The Queensland Productivity Commission has released a paper highlighting the potential “large productivity and growth dividends from improving regulation” but also the glacial pace of reform in Australia.
“There has been a substantial increase in the volume of regulation over time in both Queensland and nationally,” the paper states.
According to the commission, complying with state regulation is costing Queensland business between $3.5 billion and $7 billion each year (or $7,600 to $15,200 per business).
“This is equivalent to around one to two per cent of Queensland’s gross state product,” the paper states.
“These costs are likely to be more than double once Commonwealth regulation is included.”
The commission is concerned that burden is reducing competition as the red tape acts as a barrier to new business entry, and can also be so poorly designed it harms productivity.
“Both competition and business flexibility are vital to achieving the productivity growth and increased economic resilience needed to support sustainable economic growth and higher living standards,” the paper states.
Change may be coming, however, with even the commission affected by recent Labor government reforms: the Queensland Productivity Commissioner is being integrated into Queensland Treasury to establish the Office of Productivity and Red Tape Reduction.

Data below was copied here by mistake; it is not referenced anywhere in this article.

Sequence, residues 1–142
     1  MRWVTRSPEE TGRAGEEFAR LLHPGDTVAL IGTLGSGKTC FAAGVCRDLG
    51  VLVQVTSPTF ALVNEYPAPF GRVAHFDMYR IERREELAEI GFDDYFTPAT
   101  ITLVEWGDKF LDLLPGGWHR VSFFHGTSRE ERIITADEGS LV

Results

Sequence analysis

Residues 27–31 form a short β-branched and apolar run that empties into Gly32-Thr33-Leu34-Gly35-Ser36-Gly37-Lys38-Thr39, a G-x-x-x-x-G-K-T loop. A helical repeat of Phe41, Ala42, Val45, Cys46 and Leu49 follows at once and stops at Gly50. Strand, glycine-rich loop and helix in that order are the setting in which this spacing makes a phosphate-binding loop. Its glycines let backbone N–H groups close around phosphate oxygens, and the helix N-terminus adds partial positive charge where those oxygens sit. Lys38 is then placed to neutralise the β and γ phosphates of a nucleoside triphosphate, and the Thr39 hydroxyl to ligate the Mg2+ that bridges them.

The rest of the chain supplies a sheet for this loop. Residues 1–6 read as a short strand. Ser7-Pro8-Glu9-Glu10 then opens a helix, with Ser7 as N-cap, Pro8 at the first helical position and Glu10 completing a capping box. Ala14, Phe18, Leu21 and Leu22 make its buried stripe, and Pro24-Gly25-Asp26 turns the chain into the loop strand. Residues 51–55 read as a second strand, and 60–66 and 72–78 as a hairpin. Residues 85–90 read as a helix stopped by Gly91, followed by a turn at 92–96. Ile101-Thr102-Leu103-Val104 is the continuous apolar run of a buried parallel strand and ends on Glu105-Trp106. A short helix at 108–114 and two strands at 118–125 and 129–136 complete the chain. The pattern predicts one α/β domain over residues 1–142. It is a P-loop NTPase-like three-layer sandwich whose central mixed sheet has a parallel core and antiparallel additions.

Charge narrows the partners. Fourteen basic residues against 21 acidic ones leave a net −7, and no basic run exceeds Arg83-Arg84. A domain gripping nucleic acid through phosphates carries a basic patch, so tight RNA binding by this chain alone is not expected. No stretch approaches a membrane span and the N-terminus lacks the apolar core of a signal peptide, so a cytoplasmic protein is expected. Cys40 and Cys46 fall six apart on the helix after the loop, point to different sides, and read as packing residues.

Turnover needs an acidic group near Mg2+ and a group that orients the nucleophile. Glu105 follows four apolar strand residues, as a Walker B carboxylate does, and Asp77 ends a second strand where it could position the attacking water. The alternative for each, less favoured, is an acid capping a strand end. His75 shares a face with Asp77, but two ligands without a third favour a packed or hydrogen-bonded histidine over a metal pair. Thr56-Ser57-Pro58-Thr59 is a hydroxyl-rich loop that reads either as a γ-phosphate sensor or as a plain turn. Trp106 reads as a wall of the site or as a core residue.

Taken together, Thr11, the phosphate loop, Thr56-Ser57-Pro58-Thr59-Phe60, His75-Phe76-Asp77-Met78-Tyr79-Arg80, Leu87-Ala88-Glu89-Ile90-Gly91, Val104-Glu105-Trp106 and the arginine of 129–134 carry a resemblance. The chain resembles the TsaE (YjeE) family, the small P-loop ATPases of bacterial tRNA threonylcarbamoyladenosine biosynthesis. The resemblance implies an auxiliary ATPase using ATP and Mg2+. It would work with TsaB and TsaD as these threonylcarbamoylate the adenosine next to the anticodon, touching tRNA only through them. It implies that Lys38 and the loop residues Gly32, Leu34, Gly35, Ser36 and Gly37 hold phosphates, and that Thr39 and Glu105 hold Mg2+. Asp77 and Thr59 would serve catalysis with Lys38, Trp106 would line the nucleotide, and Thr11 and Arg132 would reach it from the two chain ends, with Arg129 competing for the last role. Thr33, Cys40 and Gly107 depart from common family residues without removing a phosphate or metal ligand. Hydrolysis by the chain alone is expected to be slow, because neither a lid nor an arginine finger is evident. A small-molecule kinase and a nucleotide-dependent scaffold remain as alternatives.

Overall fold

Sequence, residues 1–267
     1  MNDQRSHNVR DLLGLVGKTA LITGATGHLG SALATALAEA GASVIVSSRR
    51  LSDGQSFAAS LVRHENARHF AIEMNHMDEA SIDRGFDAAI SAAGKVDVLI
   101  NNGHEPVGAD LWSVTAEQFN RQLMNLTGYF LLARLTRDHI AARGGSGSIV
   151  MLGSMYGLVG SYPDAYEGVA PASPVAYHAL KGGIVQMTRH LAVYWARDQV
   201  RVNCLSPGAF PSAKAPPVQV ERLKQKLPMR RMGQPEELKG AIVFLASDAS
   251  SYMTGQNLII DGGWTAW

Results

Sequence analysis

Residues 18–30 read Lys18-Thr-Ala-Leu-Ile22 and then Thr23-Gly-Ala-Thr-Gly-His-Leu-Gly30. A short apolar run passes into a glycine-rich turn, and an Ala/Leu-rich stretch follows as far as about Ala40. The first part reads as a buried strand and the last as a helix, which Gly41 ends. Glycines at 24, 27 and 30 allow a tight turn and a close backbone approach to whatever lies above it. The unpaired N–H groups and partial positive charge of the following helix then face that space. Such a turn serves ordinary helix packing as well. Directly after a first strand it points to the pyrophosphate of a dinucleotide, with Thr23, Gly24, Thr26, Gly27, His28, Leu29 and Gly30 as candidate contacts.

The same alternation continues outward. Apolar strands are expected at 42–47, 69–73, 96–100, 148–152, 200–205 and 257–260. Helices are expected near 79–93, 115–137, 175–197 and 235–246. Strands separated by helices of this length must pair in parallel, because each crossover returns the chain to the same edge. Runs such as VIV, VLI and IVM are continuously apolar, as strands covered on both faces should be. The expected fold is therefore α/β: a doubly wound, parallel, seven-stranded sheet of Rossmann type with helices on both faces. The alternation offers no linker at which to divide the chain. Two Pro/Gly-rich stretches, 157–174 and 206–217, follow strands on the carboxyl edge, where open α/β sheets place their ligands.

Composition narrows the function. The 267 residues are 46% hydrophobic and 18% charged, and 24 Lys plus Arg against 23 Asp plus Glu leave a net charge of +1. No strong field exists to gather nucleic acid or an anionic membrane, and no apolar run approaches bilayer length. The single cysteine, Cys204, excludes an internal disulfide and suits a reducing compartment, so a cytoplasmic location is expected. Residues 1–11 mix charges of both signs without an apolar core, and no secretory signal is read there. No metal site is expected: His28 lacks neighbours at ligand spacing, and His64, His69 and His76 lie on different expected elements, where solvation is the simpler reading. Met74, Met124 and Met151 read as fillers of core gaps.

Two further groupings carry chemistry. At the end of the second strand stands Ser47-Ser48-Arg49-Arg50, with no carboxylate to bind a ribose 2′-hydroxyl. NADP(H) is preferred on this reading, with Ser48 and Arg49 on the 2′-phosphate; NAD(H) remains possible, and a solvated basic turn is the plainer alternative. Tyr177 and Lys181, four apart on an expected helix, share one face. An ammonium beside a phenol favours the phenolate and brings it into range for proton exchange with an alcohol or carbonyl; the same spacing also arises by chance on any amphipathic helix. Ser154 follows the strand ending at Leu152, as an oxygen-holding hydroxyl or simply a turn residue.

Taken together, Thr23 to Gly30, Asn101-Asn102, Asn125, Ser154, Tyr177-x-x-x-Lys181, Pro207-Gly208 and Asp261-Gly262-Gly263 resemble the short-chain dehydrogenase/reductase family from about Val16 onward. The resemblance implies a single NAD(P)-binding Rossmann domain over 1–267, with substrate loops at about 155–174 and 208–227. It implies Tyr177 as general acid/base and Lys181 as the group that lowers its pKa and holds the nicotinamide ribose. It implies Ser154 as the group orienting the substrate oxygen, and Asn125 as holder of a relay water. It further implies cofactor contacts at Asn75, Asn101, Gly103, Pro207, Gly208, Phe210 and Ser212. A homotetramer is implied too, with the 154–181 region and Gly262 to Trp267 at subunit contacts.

Dick, who took over the budget last year and has the added role of attracting business investment, said he wanted to “unleash” the private sector to drive Queensland’s economic recovery.
“That includes by ensuring we better regulate – better regulation itself, and better regulating by government,” Dick told InQueensland.
“This will require new and different thinking by government and consistency of action. But the message I want to send to the private sector is ‘you are welcome in Queensland, the government will enable and facilitate what you want to do’.”
The commission noted that regulatory reform had been a focus at both a state and national level for more than a decade, however “this does not appear to have resulted in large improvements in the quality or quantity of regulation”.
It called for a broader approach, with ongoing and targeted reviews of existing regulation and rigorous analysis and assessment of any planned regulations. It also highlighted the ongoing cost of regulation on government and taxpayers – something that, if alleviated, could help stabilise the Treasurer’s budget.Jump to next article